EDMONTON, Alberta (Reuters) - Alberta’s Conservative Party clinched another election in the oil-rich Canadian province on Monday, convincing voters to put aside discontent over its energy policy and strains caused by a years-long boom.
Television networks projected Premier Ed Stelmach’s Conservatives won a surprisingly larger majority of seats in the legislature, cementing the party’s rule into a fourth decade. The Conservatives came to power in the province with the largest oil reserves outside Saudi Arabia in 1971.
During the campaign, pundits wondered whether Conservatives’ grip on power was threatened due to discontent over shortages of affordable housing and hospital beds, crumbling schools and roads, a stretched workforce and a belief that good times brought about by surging oil prices have passed them by.
But Stelmach, a 56-year-old farmer-turned-politician, touted himself as a voice for change in the province of 3.3 million people, even though he was in the cabinet of his more outspoken predecessor, Ralph Klein.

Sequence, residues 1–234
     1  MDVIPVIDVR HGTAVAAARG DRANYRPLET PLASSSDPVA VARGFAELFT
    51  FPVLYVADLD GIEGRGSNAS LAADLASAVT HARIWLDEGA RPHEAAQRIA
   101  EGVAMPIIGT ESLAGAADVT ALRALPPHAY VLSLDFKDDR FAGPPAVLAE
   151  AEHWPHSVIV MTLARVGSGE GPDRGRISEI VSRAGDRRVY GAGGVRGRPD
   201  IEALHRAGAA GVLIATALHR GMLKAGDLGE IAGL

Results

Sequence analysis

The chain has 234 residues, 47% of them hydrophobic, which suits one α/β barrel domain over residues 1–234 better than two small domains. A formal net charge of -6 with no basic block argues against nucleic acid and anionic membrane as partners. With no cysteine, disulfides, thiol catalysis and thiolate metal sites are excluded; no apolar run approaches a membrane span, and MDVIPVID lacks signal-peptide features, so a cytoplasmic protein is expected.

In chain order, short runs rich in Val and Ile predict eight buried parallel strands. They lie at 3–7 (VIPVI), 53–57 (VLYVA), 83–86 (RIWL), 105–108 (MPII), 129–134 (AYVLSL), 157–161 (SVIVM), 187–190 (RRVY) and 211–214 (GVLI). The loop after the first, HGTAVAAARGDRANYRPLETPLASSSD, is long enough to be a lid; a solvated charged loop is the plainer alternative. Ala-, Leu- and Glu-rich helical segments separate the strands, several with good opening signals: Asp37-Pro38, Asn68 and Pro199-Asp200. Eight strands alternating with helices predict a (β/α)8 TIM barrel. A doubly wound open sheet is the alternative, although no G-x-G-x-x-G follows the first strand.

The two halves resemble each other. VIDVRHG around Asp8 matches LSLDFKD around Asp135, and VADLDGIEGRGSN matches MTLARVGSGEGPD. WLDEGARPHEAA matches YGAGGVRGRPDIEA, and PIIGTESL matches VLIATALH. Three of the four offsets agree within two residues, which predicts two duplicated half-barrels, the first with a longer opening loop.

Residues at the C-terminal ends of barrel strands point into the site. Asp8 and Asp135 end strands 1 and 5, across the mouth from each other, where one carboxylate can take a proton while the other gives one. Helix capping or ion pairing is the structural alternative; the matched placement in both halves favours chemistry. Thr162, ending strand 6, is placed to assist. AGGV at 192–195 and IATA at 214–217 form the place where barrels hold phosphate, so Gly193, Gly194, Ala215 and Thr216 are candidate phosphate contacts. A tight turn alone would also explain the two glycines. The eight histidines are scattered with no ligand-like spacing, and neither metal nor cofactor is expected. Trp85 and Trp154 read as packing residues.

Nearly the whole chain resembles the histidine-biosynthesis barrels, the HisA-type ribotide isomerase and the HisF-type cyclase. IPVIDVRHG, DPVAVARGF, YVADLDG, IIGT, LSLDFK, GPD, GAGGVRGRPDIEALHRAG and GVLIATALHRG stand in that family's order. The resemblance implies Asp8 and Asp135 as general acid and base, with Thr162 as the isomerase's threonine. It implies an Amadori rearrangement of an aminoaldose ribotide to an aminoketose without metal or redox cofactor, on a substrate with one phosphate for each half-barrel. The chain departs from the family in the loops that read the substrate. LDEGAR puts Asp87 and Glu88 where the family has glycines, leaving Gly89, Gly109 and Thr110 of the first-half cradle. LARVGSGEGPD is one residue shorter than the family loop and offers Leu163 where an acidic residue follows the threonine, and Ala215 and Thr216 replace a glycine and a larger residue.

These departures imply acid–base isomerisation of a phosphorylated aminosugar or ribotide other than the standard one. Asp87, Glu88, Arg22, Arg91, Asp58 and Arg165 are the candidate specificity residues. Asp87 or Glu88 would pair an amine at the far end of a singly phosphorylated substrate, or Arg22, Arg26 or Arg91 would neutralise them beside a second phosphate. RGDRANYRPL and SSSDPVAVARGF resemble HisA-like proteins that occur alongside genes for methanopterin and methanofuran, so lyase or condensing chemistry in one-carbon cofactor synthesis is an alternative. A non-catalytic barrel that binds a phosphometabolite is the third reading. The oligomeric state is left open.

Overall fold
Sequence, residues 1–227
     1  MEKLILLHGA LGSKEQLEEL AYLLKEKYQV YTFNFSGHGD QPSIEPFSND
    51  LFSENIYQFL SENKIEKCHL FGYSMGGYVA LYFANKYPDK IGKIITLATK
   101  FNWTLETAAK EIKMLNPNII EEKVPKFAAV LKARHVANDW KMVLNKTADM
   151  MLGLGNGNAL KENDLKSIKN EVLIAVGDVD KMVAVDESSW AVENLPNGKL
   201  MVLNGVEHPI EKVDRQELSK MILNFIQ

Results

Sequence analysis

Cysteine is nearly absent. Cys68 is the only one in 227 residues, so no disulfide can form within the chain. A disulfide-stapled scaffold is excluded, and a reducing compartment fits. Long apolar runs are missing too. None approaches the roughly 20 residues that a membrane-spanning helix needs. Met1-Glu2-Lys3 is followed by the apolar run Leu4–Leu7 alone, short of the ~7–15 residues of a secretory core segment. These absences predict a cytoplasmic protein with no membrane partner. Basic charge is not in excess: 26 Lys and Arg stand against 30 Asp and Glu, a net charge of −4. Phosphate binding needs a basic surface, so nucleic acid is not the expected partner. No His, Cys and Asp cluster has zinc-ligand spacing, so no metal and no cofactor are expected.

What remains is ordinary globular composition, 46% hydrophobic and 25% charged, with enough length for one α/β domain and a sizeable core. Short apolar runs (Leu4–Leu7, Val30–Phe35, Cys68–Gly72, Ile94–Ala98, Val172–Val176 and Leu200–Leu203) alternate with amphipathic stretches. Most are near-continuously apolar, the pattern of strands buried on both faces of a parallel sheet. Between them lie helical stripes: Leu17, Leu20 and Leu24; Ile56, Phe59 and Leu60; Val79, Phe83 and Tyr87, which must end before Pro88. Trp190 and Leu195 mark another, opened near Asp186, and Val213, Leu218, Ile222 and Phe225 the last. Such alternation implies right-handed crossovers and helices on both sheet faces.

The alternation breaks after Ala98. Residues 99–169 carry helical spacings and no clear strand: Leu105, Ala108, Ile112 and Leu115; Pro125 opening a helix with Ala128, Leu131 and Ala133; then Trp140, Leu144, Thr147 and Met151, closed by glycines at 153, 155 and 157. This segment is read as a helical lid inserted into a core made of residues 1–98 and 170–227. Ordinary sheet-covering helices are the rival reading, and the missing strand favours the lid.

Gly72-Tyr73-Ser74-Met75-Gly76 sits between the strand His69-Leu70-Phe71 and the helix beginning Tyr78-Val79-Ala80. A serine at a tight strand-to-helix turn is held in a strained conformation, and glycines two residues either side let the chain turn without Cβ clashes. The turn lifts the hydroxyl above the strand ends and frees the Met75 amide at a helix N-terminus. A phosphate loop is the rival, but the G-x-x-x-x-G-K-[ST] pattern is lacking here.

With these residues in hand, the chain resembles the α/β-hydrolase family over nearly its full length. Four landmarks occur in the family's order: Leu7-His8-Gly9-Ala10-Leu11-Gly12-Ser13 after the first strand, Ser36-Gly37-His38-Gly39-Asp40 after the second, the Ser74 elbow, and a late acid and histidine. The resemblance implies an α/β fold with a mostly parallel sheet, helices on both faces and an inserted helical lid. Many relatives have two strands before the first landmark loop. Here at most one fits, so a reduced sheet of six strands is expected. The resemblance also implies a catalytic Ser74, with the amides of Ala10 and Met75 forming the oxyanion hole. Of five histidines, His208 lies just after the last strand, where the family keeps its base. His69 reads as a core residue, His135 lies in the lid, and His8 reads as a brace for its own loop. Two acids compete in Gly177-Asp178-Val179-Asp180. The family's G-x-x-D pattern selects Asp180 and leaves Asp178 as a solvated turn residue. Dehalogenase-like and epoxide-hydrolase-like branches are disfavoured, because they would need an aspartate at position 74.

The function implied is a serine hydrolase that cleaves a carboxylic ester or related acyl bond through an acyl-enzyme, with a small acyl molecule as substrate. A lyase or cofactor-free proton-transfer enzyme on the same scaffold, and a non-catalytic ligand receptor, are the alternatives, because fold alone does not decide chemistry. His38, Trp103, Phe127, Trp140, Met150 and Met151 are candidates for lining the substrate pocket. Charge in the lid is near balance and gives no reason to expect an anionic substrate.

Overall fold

“We’ve shown once again that we’re in tune with Albertans’ values, we’re in tune with Albertans’ priorities,” Stelmach, who has been premier since late 2006, told supporters.
“We also, over the last number of months, showed that we’re not afraid to tackle tough issues, we’re not afraid to lead.”
Late on Monday, the Conservatives won or were leading in 72 out of 83 electoral districts. They previously held 60 seats.
The centrist Liberals, led by Kevin Taft, were taking the biggest losses. They were elected or ahead in 9 districts, a possible loss of seven. The left-wing New Democratic Party, led by Brian Mason, was leading in two districts, down from four.
Taft and Mason struggled to gain traction from Stelmach’s decision to hike oil royalties by C$1.4 billion ($1.4 billion) a year, a move that angered the energy sector.
Oil firms plan to spend more than $100 billion developing Alberta’s vast oil sands, largely to supply the U.S. market.
During the royalty fracas, oil companies, like EnCana Corp and Talisman Energy Inc threatened to chop spending in the province by hundreds of millions of dollars.
Stelmach recently said he will soften the royalty hit to deal with “unintended consequences,” especially for natural gas production.
Opposition parties also failed to capitalize on Klein’s admission as he handed the reins to Stelmach that the Conservatives had no plan to deal with the oil boom.
Reporting by Jeffrey Jones, Editing by Sandra Maler and Jackie Frank